“I know that happiness comes from lifting up others. I would hope my life would reflect how many joys and blessings have been given to me.”


“Nobody who has a heart wouldn’t want to support Susan’s work … you’ll tear up listening to SOS kids tell success stories … she makes the world a better place.”

The Lowndes at the John and Rita Lowndes Shakespeare Center.

John and Rita Lowndes


Founding Shareholder, Lowndes, Drosdick, Doster, Kantor & Reed (John Lowndes)


“How far that little candle throws his beams!” wrote William Shakespeare in Merchant of Venice. “So shines a good deed in a weary world!” The Bard’s observation is certainly applicable to John and Rita Lowndes. The big-hearted beam-throwers for whom the John and Rita Lowndes Shakespeare Center is named have undoubtedly made our world less weary — and more shiny — through their countless good deeds. Powerhouse land-use attorney John, 88, is the founding shareholder of Lowndes, Drosdick, Doster, Kantor & Reed — which marks its 50th anniversary this year — and was an early partner with builders Lester Zimmerman, Lester Mandell and Jack Lazar in a development company that was sold in 2005 to nationally traded Meritage Homes. While building one of the most consequential law firms in the region, he found time to chair the boards of the Orlando Museum of Art, Winter Park Memorial Hospital (now AdventHealth Winter Park), the Winter Park Health Foundation, the Friends of the Mennello Museum, the UCF College of Business Administration and the UCF Foundation. Rita, 70, is a nonpracticing attorney who has chaired the boards of the Coalition for the Homeless of Central Florida, Planned Parenthood of Greater Orlando, Trinity Preparatory School and the UCF Town & Gown Council. She has also served on the boards of the Winter Park Public Library, United Arts of Central Florida, the Central Florida Foundation, the Orange County Arts & Cultural Affairs Advisory Council, the UCF College of Arts & Humanities Dean’s Advisory Council and the UCF Foundation (on which she and John are now members emerita and emeritus). Ah, but what about Shakespeare? Longtime locals will remember that the Orlando Shakespeare Festival — rebranded in 2018 as Orlando Shakes — debuted in 1989 and staged productions at Lake Eola’s Walt Disney Amphitheater. The outdoor setting could be charming — but only if the weather was right, the pigeons behaved themselves and the noise of downtown traffic wasn’t too intrusive. In 2000, John and Rita donated $750,000 as seed money toward a $3.5 million transformation of the old Orlando Science Center into a state-of-the-art, four-theater complex. (Two like-minded couples, Ken and Trisha Margeson and Sig and Marilyn Goldman, added $500,000 and $300,000, respectively.) Orlando Shakes — celebrating its 30th anniversary this year – presents seven shows in Mainstage Series and three shows in its Children’s Series while the busy venue, located in Loch Haven Cultural Park, also hosts the Fringe Festival and other events.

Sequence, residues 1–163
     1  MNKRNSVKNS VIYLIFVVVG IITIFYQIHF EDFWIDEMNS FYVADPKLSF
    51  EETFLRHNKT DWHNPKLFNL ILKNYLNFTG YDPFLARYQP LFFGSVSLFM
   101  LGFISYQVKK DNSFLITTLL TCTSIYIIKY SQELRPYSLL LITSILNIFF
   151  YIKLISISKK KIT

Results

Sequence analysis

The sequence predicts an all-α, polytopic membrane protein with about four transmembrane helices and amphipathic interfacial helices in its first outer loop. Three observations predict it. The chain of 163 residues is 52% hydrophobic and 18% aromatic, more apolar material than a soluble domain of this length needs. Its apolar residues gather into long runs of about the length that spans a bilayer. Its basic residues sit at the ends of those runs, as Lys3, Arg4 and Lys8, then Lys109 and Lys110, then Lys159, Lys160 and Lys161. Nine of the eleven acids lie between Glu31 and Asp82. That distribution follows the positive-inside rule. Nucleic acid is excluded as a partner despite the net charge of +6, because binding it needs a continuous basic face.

“We must say to one another multiple times every week, ‘Isn’t Winter Park a great place to live?’ We would love to see Winter Park continue to deepen its commitment to arts and culture and to preserve the natural beauty around us.”


“John and Rita give their hearts as well as their money … old-school examples of people who really believe in giving back … John is a legend in this town and Rita is the most dynamic person I know.”

Madsen at the Lee Branch lobby of the Boys & Girls Clubs of Central Florida.

Paula Madsen